Franklin River

In 1978, the Tasmanian Hydro Electric Commission announced the Franklin Dam project to flood the Franklin River and produce hydro electricity. However, the proposed dam was never constructed due to the non-violent protest campaign by the Tasmanian Wilderness Society, which first failed with the campaign against the building of dams on Lake Pedder in the late 1960s and early 1970s.
The proposed dam sparked a lot of controversy between the Tasmanian government and the TWS and their supporters. The issue also polarized the community with about 70% supporting the dam. By December 1982, the site was occupied and protested, and had become a federal issue the following March. After the 1983 election and the new government, run under Bob Hawke who promised to stop the dam, led to a legal battle between the federal government and Tasmanian Government. As the issue grew bigger, the TWS, under activist Bob Brown, began to mount a public interest campaign to fight for the Franklin.
The TWS and those fighting for the river used many methods to fight against the construction of the damn and to influence the decision. As mentioned earlier, direct action was immediately taken with the dame site occupied by protestors and continued so with around 50 people arriving at the blockade each day. Such action led to a widespread of arrests but also provided great publicity and the campaign was spread nation wide through the media. A series of public meets and street marches also took place which brought the issue to the forefront of Tasmanian politics that received support of pro-damn politicians.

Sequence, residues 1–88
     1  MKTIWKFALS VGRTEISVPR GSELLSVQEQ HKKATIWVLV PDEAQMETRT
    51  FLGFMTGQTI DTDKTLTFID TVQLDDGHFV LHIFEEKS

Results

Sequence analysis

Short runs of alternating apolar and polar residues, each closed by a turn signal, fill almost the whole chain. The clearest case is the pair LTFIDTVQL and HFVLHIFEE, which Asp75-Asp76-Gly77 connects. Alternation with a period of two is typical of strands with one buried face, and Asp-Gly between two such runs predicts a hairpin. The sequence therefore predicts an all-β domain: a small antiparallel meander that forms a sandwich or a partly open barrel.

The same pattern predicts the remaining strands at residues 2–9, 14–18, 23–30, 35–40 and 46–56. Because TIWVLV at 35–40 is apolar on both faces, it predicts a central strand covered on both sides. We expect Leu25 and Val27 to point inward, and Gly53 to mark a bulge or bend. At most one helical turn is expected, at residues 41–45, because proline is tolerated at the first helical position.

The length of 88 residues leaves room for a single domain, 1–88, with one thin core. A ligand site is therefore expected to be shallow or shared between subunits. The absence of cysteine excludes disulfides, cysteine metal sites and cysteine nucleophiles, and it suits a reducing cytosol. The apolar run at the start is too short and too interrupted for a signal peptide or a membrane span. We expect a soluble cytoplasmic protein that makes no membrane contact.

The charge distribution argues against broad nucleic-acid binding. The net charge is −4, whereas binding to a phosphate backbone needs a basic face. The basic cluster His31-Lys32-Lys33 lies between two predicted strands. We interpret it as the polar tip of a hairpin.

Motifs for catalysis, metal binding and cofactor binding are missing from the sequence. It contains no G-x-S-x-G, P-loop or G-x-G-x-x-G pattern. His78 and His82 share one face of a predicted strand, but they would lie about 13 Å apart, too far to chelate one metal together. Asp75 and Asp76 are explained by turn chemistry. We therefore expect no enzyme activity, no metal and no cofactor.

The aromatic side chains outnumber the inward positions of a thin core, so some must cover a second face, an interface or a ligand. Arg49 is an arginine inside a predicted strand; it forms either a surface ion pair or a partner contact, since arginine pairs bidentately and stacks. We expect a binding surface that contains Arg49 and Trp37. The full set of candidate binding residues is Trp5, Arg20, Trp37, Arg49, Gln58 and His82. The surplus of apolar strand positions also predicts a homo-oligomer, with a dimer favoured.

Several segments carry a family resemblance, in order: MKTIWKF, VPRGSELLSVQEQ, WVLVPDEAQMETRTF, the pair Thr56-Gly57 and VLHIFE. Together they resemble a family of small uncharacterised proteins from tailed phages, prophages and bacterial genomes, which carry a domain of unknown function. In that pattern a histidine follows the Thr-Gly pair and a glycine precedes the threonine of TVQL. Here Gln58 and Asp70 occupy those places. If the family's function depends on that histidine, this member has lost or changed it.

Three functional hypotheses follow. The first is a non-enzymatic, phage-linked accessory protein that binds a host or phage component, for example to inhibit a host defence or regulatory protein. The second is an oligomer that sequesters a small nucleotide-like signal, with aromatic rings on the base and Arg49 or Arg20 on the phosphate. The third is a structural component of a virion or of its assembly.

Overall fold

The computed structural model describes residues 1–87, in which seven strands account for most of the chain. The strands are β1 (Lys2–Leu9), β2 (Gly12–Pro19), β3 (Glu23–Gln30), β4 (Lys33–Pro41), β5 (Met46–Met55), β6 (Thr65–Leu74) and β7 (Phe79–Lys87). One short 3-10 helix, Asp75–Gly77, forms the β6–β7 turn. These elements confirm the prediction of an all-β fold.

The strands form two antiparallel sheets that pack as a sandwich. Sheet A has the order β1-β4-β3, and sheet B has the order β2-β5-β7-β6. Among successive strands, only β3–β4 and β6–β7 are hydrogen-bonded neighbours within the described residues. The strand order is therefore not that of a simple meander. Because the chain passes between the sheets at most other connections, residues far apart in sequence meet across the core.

On the other hand, the Tasmanian government imposed the laws and made things difficult for the protestors. They passed several laws and enforced special bail conditions for those the were arrested. In 1981, a referendum was held in an attempt to resolve the issue but was unsuccessful with 44% of votes being withdrawn for writing 'No Dams' across the ballot ticket. The HEC also claimed that...
  • The Franklin Dam
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  • Law
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